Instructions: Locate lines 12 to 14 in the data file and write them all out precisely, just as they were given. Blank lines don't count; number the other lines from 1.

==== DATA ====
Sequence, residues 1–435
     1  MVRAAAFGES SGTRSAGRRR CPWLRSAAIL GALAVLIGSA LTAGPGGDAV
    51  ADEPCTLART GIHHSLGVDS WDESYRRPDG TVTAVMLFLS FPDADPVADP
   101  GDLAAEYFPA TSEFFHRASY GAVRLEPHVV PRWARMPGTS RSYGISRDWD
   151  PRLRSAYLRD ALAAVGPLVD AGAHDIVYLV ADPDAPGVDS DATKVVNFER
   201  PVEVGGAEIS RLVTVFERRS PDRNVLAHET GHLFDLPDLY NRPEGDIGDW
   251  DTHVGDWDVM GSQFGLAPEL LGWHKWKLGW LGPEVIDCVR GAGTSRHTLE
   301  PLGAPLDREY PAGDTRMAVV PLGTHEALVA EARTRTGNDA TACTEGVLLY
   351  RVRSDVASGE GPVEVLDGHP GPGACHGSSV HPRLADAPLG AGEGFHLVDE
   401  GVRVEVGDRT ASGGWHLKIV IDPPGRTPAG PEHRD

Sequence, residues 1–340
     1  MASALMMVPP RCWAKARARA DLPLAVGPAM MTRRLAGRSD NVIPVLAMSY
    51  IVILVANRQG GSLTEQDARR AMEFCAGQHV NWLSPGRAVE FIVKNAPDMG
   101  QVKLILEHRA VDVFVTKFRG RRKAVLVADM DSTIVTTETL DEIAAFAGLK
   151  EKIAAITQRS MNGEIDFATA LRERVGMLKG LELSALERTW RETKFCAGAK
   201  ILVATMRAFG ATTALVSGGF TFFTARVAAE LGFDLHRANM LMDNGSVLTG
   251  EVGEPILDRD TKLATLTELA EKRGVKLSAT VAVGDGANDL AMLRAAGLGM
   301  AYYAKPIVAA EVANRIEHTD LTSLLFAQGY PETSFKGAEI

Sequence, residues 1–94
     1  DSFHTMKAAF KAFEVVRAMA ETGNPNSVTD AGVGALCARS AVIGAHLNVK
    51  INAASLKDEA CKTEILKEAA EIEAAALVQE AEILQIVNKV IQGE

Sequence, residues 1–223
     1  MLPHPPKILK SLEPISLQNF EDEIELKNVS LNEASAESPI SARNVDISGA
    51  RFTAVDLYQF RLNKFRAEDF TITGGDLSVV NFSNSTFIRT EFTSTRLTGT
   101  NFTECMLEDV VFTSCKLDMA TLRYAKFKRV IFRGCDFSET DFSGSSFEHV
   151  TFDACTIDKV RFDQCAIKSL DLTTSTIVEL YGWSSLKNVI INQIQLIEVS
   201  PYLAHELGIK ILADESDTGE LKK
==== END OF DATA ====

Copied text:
     1  MASALMMVPP RCWAKARARA DLPLAVGPAM MTRRLAGRSD NVIPVLAMSY
    51  IVILVANRQG GSLTEQDARR AMEFCAGQHV NWLSPGRAVE FIVKNAPDMG
   101  QVKLILEHRA VDVFVTKFRG RRKAVLVADM DSTIVTTETL DEIAAFAGLK